Audio of my remarks at the panel “Telling the Tale of Constructivism” at ISA 2012. An edited version of the text I spoke from and around will soon be a blog post over at Duck of Minerva.
Unfortunately this recording only contains my discussant comments, and neither of the musical performances by two of the panelists. Nor does it contain my singing of a verse of The Doors’ “The End” to close out the festivities. Guess you had to be there.
My comments on the ISA-2012 panel on Alkerian IR. Recorded direct to iPad, so the quality is not as good as it is when I remember to bring my dedicated digital recorder with me.
The second lecture in my five-lecture series “PTJ Live in Vienna.” But no Grammy for me, at least not this year. Today we have a discussion of Popper, falsification, and the strange hybrid of logical positivism and Popperian falsification that is contemporary neopositivism, plus a quick spin through my four-part typology of methodological positions based on wagers about the mind-world hook-up (philosophical ontology).
The first lecture from my European Consortium on Political Research week-long intensive course in the philosophy of science — this is the overview and some initial discussions of Vienna Circle logical positivism. Note that this is a 150mb file both because the lecture is about an hour and a half long — lots to say at the beginning of the class! — and because it’s a .mov file encoded with an MPEG-4 codec (could have been worse, my initial attempt was about 300mb!) rather than the .m4a slides-plus-audio that ProfCast used to be able to make for me. Sadly that technology seems to be too unreliable. But hopefully in the era of fat Internet pipelines the file size will not be too much of a problem.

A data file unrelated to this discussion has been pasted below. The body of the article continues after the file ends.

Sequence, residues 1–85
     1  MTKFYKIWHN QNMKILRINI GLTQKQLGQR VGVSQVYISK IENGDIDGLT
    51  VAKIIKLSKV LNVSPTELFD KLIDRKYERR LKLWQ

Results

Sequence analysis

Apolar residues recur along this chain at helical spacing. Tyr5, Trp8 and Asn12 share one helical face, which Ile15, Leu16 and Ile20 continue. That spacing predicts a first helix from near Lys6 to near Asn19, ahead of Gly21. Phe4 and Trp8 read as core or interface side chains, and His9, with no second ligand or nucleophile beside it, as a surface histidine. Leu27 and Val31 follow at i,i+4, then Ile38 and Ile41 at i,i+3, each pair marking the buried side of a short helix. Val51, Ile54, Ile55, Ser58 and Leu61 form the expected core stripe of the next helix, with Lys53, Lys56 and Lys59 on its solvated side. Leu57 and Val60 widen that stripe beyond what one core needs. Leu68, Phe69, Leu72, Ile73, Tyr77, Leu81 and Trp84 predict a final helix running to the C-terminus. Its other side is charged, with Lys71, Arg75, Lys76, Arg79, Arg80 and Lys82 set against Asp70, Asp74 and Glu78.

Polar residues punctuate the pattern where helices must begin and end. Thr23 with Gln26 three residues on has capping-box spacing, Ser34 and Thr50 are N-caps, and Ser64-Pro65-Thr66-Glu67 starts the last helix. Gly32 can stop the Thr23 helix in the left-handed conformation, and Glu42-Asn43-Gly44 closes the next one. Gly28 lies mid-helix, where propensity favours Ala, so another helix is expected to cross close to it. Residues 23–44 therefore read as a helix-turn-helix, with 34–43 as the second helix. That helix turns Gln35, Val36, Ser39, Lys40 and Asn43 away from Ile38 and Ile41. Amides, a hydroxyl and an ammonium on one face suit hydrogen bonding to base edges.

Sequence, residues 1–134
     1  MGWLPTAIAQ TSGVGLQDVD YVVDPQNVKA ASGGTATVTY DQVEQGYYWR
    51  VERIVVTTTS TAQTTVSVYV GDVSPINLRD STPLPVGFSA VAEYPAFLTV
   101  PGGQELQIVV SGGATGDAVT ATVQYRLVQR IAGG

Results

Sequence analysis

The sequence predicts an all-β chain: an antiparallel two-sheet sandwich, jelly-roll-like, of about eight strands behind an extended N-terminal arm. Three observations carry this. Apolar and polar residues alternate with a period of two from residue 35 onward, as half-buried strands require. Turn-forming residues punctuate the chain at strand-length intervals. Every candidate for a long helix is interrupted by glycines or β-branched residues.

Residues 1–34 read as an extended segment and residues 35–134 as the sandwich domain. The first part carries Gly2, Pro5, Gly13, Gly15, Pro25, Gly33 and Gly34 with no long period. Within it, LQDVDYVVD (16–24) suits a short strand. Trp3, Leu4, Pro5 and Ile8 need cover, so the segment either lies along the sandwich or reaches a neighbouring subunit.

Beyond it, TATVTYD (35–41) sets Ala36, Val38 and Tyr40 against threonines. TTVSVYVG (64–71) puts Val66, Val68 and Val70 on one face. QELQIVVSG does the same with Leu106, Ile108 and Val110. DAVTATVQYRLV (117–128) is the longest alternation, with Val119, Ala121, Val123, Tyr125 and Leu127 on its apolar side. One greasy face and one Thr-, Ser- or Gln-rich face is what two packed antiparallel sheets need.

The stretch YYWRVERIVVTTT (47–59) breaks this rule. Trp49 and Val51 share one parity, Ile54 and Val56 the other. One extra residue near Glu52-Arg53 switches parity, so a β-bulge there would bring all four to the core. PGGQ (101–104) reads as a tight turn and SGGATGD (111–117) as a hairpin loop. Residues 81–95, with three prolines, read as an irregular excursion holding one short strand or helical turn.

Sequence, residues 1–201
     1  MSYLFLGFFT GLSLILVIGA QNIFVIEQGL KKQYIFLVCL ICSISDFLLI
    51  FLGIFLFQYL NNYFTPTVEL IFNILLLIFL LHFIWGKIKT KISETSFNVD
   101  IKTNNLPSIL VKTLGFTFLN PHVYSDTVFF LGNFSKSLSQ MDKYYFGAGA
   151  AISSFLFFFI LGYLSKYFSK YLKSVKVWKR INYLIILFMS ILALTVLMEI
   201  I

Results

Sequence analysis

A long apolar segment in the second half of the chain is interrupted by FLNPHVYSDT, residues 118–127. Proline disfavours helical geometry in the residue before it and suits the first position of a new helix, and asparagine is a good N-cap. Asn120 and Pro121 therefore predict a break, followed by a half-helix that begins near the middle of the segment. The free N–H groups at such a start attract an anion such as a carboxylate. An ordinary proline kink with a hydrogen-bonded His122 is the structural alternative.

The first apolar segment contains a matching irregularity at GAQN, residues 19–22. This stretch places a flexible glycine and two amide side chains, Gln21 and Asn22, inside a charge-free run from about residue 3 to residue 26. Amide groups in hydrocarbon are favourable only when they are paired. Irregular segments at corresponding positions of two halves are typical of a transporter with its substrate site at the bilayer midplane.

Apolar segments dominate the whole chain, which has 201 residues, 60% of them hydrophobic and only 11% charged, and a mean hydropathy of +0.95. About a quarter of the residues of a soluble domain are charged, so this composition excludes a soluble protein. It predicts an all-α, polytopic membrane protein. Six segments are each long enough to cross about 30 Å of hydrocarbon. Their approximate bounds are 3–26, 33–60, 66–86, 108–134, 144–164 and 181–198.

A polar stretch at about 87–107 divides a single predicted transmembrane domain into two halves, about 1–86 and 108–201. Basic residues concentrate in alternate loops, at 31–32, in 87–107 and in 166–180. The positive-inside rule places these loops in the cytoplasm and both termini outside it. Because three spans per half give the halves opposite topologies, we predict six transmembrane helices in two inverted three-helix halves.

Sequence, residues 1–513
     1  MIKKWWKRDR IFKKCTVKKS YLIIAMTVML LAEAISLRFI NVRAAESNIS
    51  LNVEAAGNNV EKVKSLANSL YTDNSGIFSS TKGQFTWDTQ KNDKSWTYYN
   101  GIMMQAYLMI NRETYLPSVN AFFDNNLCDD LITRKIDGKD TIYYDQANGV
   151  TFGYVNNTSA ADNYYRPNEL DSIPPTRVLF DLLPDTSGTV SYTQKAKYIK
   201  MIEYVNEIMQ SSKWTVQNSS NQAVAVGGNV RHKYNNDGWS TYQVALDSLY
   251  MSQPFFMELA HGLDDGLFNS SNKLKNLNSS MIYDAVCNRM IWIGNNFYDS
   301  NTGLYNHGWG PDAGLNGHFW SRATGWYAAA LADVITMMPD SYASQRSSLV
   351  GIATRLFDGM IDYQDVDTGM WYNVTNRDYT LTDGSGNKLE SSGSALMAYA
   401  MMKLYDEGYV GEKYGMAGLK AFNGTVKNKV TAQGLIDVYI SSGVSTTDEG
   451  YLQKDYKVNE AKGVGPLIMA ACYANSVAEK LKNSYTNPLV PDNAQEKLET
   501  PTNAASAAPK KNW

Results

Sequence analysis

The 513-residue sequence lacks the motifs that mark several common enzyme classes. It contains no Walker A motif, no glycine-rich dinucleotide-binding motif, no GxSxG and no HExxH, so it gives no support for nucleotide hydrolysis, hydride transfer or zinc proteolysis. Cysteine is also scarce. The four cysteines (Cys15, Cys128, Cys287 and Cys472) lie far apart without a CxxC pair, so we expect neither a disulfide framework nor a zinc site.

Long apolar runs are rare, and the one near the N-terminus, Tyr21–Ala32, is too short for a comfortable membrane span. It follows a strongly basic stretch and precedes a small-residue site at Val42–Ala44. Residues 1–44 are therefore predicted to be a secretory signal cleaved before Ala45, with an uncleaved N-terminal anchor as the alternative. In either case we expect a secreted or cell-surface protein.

Here’s a talk I gave at the University of Southern California on 10 January, in which I took up the question of how to make the field of IR safe for the world — I identified at least three conceptual/theoretical/methodological/vocational boundaries that need to be loosened en route to making the study of world politics better able to meet the “terrible predicament of here and now” (as I quote Heschel at the end of my C of I book).
The talk was recorded direct to iPad in mono so the audio quality is a bit lower; I also walked away from the machine a few times to gesticulate at the displayed image, so the effective volume varies a bit. Also, near the end of the talk someone in the next room started showing a movie with the volume turned way WAY up, so there’s some bleed-through of that audio in this recording.
PDF images of the slides for the talk are here.